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Thinking outside the comic lines

vspaeth's picture

So at Plenary today I bought myself a hand-made Pikachu hat.  Pikachu got me thinking about Pokemon which led me to a pretty big realization.  I don't know where Pokemon originated.  There's the TV show, but before that their were the video games.  There was also the card game, and there are a number of comics that explore the same world.  However, without actually typing it into google I couldn't tell you which came first.

This got me thinking about a lot of American Comics.  Primarily superhero ones.  I love comics, but I never really read a lot of American ones; and yet I can tell you who Superman and Batman and Spiderman all are, and I could pick them out of a crowd.  If I've never read any of their comics, how come I know them all so well?

Part of the reason, I suppose, is that they are all iconic figures.  We've discussed how images in comics are iconic, and so I guess that's part of the reason that I can see the diamond with the S in it and know someone has a Superman shirt on .  Another side of it though is that many of these characters have left their comic boxes and jumped into other media.  Right now Hollywood is really big on making superhero movies: Thor, Iron Man, The Green Lantern.  Most of these characters have had their own cartoon TV show, or have appeared in shows like "The Justice League."  There are novel adaptions  of the adventures of these characters, and well...Spiderman the Musical, (which actually may be good, I honestly haven't given it a chance).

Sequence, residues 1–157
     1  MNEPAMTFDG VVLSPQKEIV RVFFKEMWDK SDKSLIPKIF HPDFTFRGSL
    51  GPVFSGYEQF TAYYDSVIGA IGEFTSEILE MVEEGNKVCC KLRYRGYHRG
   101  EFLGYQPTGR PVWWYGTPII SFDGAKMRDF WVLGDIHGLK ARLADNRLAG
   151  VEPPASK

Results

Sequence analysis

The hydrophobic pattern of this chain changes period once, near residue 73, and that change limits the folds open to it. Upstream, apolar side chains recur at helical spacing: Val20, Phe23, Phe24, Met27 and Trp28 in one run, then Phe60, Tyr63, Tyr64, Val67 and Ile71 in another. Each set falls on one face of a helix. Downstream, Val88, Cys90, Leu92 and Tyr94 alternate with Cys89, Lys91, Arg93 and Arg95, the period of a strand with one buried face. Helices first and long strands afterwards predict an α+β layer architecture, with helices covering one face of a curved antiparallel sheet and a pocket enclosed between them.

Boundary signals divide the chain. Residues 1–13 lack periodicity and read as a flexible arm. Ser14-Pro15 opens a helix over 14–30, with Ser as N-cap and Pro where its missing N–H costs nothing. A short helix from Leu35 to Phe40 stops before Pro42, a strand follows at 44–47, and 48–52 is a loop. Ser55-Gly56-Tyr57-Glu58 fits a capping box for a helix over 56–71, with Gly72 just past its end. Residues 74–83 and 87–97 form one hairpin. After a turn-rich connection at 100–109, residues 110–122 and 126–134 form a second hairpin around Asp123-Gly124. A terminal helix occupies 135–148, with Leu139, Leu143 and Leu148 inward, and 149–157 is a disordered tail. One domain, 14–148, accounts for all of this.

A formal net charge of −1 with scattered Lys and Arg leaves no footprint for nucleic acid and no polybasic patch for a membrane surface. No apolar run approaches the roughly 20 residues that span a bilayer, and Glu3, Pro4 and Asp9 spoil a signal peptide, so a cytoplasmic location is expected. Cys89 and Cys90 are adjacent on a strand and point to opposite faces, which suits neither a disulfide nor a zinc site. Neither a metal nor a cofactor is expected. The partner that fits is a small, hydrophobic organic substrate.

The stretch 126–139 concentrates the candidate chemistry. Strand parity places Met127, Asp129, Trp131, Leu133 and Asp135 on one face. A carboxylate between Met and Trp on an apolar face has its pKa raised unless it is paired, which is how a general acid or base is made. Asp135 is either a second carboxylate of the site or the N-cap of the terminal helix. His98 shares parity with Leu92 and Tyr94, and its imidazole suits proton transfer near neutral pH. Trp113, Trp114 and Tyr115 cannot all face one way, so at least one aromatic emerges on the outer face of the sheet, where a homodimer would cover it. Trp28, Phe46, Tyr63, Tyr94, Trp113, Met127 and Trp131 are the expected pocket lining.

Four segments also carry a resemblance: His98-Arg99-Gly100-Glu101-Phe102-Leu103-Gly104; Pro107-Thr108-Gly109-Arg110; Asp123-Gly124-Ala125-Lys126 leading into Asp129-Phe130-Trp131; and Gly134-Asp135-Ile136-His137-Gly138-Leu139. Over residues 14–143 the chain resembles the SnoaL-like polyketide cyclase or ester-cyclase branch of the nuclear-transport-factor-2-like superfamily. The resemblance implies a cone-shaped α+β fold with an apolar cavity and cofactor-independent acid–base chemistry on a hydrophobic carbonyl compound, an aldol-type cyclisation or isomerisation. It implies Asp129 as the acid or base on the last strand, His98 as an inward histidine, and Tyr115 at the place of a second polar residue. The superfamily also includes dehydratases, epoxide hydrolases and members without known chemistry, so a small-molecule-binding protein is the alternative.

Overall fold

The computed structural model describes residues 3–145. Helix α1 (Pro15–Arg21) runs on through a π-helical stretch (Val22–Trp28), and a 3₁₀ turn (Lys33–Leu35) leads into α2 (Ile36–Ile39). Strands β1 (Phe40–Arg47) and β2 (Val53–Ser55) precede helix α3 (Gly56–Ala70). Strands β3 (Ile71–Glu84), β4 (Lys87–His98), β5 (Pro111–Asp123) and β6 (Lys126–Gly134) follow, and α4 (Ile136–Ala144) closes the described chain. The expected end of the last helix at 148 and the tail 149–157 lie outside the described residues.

I believe this is part of the reason McCloud is really selling the idea that comics are their own genre.  They are so easily adapted into other forms that it makes it difficult for them to exist only as comics.  Part of me wants to argue with McCloud when he says that Comics haven't evolved in years, because look at all the ways they have been represented.  However, I realize that comics have not evolved into anything new; they have broken from their bordered boxes into other genres, other media forms.  I guess what I've realized is that if comics want to exist as their own form, or kind, they need to evolve into something unique and new.  Otherwise other genres will continue to feed off of their versatility.  I wonder though; is it this feeding that has been keeping comics from growing into their own, unique, genre?